Around the world, sailor does the spinning
September 8, 2003
NAPLES, Italy — Sea duty didn’t keep Shane Baker from his music.
He ordered records online daily, hiding them in cooling rooms and behind a radar consul on a San Diego-based frigate.
“It was disgusting. I seriously had a couple hundred records piled up back there by the end of deployment,” said the petty officer second class, with a laugh.
But he made good use of those records. In his spare time, he works as a disc jockey, and the largest crowd he ever played for was 2,000 people during a Hong Kong port call.
Now an operations specialist in Naples, Baker performs in a variety of clubs around southern Italy.
Music captivated Baker at age 14 when he walked into his first nightclub in his native San Diego.
“It was a place where everybody ... put their attitude up on the shelf,” he said.
At 15, when other boys were delivering newspapers, he was passing out fliers at clubs, which in the late 1980s were a breeding ground for a musical creativity that captured him.
“None of it had been done before,” Baker said of the alternative rock, new wave and electronic industrial beats.
Baker first stepped up to the turntable when the scheduled DJ fell through at an after-hours techno party. He was 17, spinning vinyls for a crowd of 500.
“I just started throwing on records,” he recalled. “I’ve been a music enthusiast ever since.”
Back then, deejaying at parties and raves was underground.
“Now it’s trendy as hell,” said Baker, 29. “Everybody wants to be a DJ, everybody wants to be a rock star.”
The sailor fondly remembers “outlaw parties” in old tunnels and warehouses that attracted an eclectic group of “Wall Street types ... school kids and freaks.”
But he said kids infatuated with drugs ruined the underground scene.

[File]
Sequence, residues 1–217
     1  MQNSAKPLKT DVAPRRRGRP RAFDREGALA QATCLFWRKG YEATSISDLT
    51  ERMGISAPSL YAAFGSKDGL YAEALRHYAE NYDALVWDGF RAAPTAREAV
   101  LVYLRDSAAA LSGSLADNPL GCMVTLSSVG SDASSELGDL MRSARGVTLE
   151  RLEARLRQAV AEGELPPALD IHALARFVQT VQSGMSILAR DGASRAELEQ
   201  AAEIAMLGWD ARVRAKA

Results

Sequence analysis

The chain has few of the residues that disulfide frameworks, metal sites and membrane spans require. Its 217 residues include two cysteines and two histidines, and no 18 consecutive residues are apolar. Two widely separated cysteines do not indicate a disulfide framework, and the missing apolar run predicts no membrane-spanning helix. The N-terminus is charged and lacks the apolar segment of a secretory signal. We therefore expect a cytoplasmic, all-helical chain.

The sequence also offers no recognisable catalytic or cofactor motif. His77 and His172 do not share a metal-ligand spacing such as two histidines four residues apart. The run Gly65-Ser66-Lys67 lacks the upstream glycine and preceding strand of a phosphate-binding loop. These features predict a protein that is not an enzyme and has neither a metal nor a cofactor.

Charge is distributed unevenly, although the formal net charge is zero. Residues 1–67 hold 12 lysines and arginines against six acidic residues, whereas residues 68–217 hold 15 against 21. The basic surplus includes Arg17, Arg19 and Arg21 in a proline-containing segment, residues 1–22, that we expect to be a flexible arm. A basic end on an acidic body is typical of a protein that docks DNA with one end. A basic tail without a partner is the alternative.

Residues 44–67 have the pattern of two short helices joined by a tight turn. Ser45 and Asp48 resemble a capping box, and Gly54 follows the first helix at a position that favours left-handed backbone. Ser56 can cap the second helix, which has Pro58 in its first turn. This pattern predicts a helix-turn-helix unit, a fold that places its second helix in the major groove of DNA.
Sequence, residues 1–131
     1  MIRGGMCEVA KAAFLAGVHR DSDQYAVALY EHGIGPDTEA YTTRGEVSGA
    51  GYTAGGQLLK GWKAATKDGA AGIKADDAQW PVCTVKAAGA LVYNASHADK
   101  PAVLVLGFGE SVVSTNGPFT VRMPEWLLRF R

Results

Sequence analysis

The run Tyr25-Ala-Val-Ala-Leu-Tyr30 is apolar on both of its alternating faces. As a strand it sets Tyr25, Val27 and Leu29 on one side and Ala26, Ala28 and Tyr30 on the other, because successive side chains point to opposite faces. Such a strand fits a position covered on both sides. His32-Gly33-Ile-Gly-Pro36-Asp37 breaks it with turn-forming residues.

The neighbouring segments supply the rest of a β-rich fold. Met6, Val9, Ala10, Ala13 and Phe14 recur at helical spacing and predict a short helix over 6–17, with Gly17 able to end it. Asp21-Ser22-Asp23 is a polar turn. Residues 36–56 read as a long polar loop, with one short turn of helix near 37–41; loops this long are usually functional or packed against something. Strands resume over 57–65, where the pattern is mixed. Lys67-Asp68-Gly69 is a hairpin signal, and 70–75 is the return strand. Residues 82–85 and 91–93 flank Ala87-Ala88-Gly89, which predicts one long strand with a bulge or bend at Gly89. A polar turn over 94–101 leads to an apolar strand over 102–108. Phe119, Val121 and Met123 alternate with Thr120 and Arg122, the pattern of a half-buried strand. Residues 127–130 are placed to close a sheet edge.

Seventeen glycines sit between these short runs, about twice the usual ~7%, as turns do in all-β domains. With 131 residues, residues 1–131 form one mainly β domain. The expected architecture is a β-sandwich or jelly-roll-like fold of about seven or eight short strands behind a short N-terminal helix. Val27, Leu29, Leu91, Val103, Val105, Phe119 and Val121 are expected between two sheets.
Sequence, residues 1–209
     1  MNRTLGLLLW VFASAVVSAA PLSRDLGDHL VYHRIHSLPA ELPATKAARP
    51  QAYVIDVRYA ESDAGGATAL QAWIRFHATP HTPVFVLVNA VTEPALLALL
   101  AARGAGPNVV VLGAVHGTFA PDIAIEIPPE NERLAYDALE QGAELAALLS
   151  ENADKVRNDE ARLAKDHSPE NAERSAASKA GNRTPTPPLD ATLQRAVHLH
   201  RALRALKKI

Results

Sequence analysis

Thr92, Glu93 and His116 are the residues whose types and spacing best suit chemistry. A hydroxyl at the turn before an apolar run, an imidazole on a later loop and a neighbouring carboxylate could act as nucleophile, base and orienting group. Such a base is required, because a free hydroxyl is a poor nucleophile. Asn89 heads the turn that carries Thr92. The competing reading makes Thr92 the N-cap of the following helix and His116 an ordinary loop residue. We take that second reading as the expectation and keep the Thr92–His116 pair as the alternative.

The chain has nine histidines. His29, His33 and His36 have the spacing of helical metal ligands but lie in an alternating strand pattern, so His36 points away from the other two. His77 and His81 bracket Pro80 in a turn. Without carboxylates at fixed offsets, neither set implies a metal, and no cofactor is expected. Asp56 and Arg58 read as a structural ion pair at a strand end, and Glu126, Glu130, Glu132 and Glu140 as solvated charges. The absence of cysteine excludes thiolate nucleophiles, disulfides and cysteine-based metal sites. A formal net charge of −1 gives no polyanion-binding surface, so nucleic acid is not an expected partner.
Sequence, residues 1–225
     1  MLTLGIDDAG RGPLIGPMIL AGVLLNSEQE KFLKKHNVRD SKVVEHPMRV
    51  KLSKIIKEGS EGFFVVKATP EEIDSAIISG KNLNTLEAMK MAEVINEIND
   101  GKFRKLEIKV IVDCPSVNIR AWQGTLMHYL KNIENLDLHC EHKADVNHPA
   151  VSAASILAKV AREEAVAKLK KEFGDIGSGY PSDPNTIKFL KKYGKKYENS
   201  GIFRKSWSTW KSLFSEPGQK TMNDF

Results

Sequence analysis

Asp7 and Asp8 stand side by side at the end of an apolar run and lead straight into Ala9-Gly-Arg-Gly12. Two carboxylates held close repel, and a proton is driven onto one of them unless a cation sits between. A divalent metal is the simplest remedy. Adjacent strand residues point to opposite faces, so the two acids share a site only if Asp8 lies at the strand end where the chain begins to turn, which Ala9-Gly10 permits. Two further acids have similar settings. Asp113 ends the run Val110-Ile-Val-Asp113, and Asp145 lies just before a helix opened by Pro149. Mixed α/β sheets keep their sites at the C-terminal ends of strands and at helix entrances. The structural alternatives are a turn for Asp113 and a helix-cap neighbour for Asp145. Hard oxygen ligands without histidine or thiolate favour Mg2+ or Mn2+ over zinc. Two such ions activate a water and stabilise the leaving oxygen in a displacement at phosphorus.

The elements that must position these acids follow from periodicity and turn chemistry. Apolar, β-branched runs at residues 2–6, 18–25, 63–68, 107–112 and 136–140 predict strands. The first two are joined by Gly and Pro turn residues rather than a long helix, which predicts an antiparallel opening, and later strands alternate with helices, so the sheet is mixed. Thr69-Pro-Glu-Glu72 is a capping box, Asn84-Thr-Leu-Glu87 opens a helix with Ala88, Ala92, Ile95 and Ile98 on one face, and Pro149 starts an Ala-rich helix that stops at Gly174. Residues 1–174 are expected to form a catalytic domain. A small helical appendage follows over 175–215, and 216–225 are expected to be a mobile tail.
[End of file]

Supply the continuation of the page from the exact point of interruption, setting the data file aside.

“As far as I’m concerned, the rave ended in 1993 because MTV had a compilation out the next year,” he said. “Now you have 14-year-olds dying of X [Ecstasy] overdoses in Phoenix, Arizona, when they should be working at the local strip mall at Starbucks.”
In community college, Baker studied biological psychology — drug research for people with self-induced psychosis — and worked on his culinary skills. At age 21, he was working as a secondary chef and managing a 30-person kitchen, cooking trendy Californian fusion dishes.
Then he did something completely different: To avoid a conventional life of school and work, he joined the Navy in 1997.
“The Navy was at the complete opposite end of the spectrum of anything I’d ever think to do,” he said. “My friends freaked out, my parents didn’t believe me.”
His father was a former sailor, a boiler technician.
“The military basically sat me down and said, ‘Look, you’re not going to outer space anytime soon, the aliens aren’t going to come get you and save you, so deal with it,’ ” Baker laughed.
In Naples, he works for Commander Submarine Group 8, providing mission data for submarines’ Tomahawk missile systems. And he doesn’t have to hide his record collection anymore, which numbers in the thousands.
He plays two-hour sets at clubs about once a week. To prepare, about an hour each day he mixes sounds with turntables, a sound generator and computer sequencing software.
For example, he’ll mix his ultimate influence, Depeche Mode, over a chart-topping beat track. Other influences are classic ’70s rock, soul and original Motown.
“I want a mesmerizing effect,” he said. “It’s uplifting for people to have the opportunity to sit back and listen and be able to breathe, not just to interpret it as a bunch of pounding beats and synthesizer riffs and annoying vocal samples.”
Baker’s sound is called global house, with worldwide influences.
“Germany has a strong electronic-based, very synthetic sound,” he said. “American is more organic, an acoustic, earthy feel. When they fuse the two together, it’s a more global sound [with] percussion lines and electronic beats.”
Baker wants to start producing his own music. If he stays in the Navy, he hopes to transfer to Germany, which he said has the most inventive music around.
One DJ who works well with Baker musically is Petty Officer 1st Class Warren Bembry.
“I like his style, the way we build off each other,” said Bembry, 27, an information systems technician from Brooklyn, N.Y. “We have the ability to play well after each other and build a cohesive vibe and still have fun.”
The sailors have a following among co-workers and friends.
Petty Officer 2nd Class Shayla Dalton said people pester Baker to invite them to clubs he’s playing. Dalton, 24, an operations specialist from Pittsburgh, has watched him spin countless times.
“His sound is definitely bringing people out,” she said.